From a political perspective, little looks changed in Washington, D.C., in the wake of President Barack Obama’s re-election as president. Congress remains divided and divisive, which means that new initiatives by one party or the other will likely fail unless they derive from a bipartisan platform. As it happens, financial aid policy, particularly when it comes to loans and interest rates, typically garners interest on both sides of the aisle in Congress. Or, in cases where a multi-year appropriation or mandate has already passed, the Education Department is already authorized to create policy without further Congressional permission. In spite of the apparent status quo on Capitol Hill, there are a few areas to which college students and parents will want to pay attention for the 2013-2014 academic year.
Under existing Department of Education Policy and in the absence of further action on the part of Congress, students who take out subsidized Stafford loans could be subjected to a hike in interest rates for money borrowed after July 1, 2013. The current interest rate is 3.4 percent, a rate that under current law was scheduled to double on July 1, 2012, increasing to a rate of 6.8 percent per year.
The delay until next July in the rate hike was passed by Congress after both presidential candidates, President Obama and Massachusetts governor Mitt Romney, became vocal supporters of maintaining the current 3.4 percent interest rate on the federally subsidized loans. While we can all continue to remain hopeful for another extension of the current favorable rates, keeping the interest rate at 3.4 percent for another year cost around $6 billion, according to government estimates. Given that he’s already won the election, President Obama, as well as Congress, are unlikely to keep the interest rates low in a non-election year, especially as the Feds remain strapped for cash and continue to squabble over budget line items.
Students eligible for Pell Grants, however, may see some good news – albeit just a little good news. As part of his budget request for the 2013 fiscal year, President Obama added a line item for an increase in the maximum award for a Pell Grant. If his request goes through, which is likely, the maximum award under the Pell Grant program, which is designed to help lower-income student spay for college, will increase from $5,550 per term to $5,635. The increase would go in to effect for the 2013-2014 academic year; which, despite its small amount, will be welcome news as the maximum grant amount has remained at $5,550 for the last two years. It appears likely that President Obama’s request will be granted as the Pell Grant program is already funded for fiscal year 2013 pursuant to the Budget Control Act of 2011. Unfortunately, the program could see a shortfall in subsequent years.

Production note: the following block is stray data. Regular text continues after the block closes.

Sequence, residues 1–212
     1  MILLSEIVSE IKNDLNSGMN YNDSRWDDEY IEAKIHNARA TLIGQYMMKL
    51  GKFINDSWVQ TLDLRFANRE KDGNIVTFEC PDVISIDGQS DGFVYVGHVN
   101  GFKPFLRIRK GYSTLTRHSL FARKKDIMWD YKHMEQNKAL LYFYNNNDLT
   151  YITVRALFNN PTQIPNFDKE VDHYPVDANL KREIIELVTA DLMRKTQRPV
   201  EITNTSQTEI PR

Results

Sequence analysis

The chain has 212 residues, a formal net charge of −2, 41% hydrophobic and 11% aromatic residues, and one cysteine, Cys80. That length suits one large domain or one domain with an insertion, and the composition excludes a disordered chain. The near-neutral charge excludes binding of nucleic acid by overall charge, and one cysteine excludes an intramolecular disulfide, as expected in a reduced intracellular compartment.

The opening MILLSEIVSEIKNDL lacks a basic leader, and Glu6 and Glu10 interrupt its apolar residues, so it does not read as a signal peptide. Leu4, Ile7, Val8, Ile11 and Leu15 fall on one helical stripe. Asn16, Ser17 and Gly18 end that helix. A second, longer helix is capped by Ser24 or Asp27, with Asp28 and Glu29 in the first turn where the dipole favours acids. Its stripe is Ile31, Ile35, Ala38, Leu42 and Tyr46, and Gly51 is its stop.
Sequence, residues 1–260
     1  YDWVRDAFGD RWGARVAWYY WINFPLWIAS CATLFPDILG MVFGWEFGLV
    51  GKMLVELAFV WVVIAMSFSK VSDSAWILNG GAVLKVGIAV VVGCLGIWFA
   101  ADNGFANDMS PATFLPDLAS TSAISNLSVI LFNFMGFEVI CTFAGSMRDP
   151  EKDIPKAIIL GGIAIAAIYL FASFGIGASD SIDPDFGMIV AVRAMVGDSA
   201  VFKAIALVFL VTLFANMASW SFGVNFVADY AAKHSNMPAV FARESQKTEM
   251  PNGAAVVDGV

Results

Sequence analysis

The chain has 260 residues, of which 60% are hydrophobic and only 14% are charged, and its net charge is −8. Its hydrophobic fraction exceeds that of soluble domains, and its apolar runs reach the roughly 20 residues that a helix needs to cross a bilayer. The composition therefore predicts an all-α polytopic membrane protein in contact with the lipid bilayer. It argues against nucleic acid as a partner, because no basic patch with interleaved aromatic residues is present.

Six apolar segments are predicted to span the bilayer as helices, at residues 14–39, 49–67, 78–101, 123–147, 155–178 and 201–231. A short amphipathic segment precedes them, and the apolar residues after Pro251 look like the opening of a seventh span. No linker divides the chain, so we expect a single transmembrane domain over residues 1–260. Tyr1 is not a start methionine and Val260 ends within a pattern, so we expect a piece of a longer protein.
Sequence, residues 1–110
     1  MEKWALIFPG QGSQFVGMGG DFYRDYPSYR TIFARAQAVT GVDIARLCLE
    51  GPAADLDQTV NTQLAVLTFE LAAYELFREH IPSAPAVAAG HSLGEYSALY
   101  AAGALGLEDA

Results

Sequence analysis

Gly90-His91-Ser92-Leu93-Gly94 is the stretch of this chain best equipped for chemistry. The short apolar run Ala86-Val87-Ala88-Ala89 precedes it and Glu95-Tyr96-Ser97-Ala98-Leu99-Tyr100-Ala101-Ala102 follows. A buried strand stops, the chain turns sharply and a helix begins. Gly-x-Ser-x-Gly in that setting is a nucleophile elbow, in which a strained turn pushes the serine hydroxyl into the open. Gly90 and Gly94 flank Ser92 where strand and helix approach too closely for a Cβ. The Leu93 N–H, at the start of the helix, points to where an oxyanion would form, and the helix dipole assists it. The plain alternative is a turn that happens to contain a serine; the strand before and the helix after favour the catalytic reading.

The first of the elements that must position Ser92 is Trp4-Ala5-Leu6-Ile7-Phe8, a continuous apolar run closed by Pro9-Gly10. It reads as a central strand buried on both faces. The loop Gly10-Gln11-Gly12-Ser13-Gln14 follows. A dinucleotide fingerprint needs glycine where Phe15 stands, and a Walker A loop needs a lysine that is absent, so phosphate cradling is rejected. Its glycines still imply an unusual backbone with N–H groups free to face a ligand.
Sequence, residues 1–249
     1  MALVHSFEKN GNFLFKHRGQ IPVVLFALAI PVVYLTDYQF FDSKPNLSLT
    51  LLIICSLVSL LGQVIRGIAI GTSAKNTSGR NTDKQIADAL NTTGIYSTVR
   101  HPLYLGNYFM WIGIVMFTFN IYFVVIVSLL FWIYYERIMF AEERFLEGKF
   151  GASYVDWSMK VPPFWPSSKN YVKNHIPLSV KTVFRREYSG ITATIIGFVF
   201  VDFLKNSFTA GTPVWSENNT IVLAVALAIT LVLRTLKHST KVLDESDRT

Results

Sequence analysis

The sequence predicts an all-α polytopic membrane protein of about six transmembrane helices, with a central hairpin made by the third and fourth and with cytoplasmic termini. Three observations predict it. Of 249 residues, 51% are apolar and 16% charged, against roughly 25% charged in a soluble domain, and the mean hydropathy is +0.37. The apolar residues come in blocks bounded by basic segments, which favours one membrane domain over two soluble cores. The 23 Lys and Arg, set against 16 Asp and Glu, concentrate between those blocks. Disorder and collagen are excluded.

Another negative note for higher education financing in the near future is that the American Opportunity Tax Credit may no longer be available for the 2013 to 2014 academic year. Earmarked to reduce tax bills by up to $2,500 for families who have paid allowable college expenses like tuition, books and student fees, the tax credit is scheduled to expire after the 2012 tax year. As part of his current budget request, President Obama has asked that the American Opportunity Tax Credit be extended permanently but legislative action is necessary on the part of Congress to make the extension permanent.
At the beginning of November, 2012, the U.S. Department of Education issued its final version of its “Pay as You Earn” loan repayment plan, after the required notice and comment period. Under the plan, eligible borrowers of federally guaranteed student loans will be permitted to adjust the amount of their monthly loan payments according to the amount that they earn after graduating from college. Under the plan, students who make timely payments over a period of 20 years will have the unpaid portions of their student loan debts forgiven. Currently the debt forgiveness limit is 25 years. The Pay as You Earn program will be another repayment option, available to borrowers, which is based on or contingent upon a graduate’s income level.
College Cost Information
One area in which President Obama and his administration has been particularly vocal is in transparency for the actual cost of college. Many colleges are quick to point out tuition, but are a little murkier when it comes to other costs such as student fees, books, and room and board. One such result of the President’s initiatives in this area is the Financial Aid Shopping Sheet which several hundred colleges and universities have committed to providing their students beginning with the 2013 to 2014 academic year.